Today, the consumer experience has many touchpoints from discovery to delight, and to become a true Direct to Consumer (DTC) brand, manufacturers must own responsibility for each one. Introduce friction at any moment in the end-to-end consumer buyer experience… and risk losing consumer loyalty. Despite the criticality of providing a seamless buying experience, recent research highlights the many “hiccups” that occur from click to consume, particularly when it comes to fulfilling orders at the speed and convenience shoppers expect. In fact, the biggest gripes for buyers who’ve had negative shopping experiences mostly relate to delivery and returns. For example, over the last 12 months, 60% of consumers in the UK reported their purchases did not arrive when expected, and 40% of shoppers claimed items did not arrive at all. The U.S. too, has its fair share of deliveries gone awry, and Sri Sridhar, CEO of lateshipment.com (yes, there’s an entire website for this) states 15-23% of packages are delayed during the holidays. Statistics like these don’t bode well for manufacturers who are counting on repeat purchases and a good brand reputation to win the DTC game. According to a study from OSM Worldwide, 79% of online shoppers claim they will contact customer service when an urgent item is one day late, and worse: two-thirds will express frustration to friends and family. With a sad nod to Carnegie, this is basically the antithesis of how to win friends and influence people!
Install a Control Tower. Receive “Exception Event” Alerts.
The good news is that in the same OSM Worldwide study, online shoppers reported how much they value parcel delivery transparency, with 40% stating they check on a parcel’s delivery status at least once a day, and 55% stating they expect an order’s status updates to be current as of a few hours. Don’t think this sounds like good news? Then you must not be leveraging a Transportation Management System (TMS) for parcel shipping. Manufacturers who have implemented a TMS for parcel shipping benefit from Control Tower functionality, which means they can provide shoppers with the transparency they value. The system will send early warning signs when there are parcel delivery issues or “exception events,” empowering customer service teams to proactively trouble-shoot the exception event and communicate delivery updates to the customer in real time. For example, perhaps the product can be sent from a different distribution center to arrive on time. Or perhaps the customer is willing to retrieve the product from a nearby store or locker. Customers can even track and trace shipments on company websites without the need to visit carrier sites, reducing inbound calls about shipment status to customer service and increasing the customers’ browsing behavior on the manufacturer’s website – which (fingers crossed!) could lead to additional purchases. Consider too that tracking delivery exception events enables manufacturers to capture accurate carrier performance data – improving carrier service measurement and better informing carrier contract negotiations.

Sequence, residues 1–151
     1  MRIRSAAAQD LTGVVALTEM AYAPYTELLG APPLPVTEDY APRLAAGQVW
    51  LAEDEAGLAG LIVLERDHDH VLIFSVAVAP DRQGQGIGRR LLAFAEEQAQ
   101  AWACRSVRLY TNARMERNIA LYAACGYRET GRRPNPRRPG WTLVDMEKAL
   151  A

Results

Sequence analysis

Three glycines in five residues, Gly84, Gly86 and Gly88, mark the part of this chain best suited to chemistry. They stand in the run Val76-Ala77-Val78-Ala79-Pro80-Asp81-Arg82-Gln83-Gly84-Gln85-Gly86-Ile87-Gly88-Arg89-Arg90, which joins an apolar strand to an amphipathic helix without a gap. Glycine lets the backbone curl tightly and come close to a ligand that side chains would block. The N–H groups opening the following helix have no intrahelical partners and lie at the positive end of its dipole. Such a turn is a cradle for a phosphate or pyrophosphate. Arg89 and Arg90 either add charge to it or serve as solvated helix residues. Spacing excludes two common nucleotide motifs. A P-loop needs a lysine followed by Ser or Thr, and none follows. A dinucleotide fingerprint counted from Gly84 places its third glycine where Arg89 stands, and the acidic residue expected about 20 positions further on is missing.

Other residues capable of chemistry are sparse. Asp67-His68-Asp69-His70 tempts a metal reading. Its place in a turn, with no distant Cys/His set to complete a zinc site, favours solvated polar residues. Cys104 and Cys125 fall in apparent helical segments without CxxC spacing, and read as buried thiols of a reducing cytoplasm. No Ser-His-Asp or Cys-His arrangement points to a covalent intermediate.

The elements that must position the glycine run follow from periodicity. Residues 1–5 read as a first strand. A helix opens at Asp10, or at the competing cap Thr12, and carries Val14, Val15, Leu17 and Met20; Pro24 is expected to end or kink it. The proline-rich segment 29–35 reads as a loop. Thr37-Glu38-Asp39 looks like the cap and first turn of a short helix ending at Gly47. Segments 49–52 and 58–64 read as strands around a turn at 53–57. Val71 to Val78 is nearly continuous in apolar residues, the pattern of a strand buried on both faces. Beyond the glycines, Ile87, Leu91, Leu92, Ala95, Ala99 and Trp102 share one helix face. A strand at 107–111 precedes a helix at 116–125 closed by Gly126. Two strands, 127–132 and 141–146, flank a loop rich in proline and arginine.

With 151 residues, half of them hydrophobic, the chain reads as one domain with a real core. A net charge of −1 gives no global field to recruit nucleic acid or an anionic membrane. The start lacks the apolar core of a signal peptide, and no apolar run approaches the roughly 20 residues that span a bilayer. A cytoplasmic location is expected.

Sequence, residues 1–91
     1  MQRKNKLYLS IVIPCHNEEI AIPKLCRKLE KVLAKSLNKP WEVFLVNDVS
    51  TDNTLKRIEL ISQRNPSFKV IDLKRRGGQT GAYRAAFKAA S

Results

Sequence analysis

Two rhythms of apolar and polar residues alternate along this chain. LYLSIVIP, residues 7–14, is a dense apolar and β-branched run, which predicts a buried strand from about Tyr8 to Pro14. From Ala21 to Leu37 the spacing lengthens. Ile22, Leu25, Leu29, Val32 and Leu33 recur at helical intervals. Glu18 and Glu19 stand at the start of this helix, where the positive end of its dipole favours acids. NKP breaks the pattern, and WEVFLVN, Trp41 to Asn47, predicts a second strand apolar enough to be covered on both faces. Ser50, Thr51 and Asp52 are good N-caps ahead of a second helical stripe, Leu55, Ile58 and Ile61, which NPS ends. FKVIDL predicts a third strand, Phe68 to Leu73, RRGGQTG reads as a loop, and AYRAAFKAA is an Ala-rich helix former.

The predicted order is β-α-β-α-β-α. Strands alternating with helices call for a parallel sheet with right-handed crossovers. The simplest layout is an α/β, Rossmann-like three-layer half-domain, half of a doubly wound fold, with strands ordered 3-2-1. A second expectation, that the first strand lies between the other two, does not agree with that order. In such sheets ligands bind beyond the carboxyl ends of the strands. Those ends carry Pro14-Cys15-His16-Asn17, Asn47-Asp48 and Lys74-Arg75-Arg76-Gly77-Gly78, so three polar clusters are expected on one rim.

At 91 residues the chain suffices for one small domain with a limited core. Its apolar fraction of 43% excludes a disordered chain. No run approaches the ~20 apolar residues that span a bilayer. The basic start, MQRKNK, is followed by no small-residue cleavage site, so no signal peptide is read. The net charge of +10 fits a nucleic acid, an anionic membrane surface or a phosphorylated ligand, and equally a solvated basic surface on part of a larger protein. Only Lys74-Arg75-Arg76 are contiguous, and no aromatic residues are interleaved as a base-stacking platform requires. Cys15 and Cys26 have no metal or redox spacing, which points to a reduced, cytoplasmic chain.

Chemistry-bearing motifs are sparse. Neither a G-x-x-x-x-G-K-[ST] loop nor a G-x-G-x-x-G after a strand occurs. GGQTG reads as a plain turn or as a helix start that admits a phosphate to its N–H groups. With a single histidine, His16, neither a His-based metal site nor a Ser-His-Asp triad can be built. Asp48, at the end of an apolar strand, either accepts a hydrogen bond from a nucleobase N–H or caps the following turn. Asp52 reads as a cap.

Successfully Navigate the Complexity of Parcel Delivery.
By leveraging a TMS with Control Tower functionality to install “exception event” alerts in the shipping process, manufacturers can successfully navigate the complexity of DTC parcel delivery – ensuring on-time delivery in full and improving customer service performance metrics. To learn more about how you can leverage a TMS with Control Tower for parcel shipping in your own organization, download our brochure: TME 3: Flexible Transportation Management System for an Omnichannel World.